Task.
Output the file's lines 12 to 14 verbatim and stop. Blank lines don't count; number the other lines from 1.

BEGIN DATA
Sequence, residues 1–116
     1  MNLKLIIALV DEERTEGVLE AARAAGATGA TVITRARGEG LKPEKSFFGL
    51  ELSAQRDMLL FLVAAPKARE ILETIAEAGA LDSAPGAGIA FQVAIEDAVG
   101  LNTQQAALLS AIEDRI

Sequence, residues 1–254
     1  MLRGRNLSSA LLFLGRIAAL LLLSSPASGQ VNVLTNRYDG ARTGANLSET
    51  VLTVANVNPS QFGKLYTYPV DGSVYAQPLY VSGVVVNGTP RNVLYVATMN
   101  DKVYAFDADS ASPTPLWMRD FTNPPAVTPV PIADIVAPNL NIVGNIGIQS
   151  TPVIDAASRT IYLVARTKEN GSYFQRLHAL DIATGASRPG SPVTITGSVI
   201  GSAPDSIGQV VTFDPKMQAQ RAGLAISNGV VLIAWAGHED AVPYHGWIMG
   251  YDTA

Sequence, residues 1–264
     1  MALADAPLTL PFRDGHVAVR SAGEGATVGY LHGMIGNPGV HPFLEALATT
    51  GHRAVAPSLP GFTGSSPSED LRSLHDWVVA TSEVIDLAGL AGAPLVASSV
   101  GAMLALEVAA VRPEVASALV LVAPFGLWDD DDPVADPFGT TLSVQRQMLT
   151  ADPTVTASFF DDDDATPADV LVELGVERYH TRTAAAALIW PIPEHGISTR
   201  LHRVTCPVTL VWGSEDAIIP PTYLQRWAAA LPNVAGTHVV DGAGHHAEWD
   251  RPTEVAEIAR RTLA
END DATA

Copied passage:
Sequence, residues 1–264
     1  MALADAPLTL PFRDGHVAVR SAGEGATVGY LHGMIGNPGV HPFLEALATT
    51  GHRAVAPSLP GFTGSSPSED LRSLHDWVVA TSEVIDLAGL AGAPLVASSV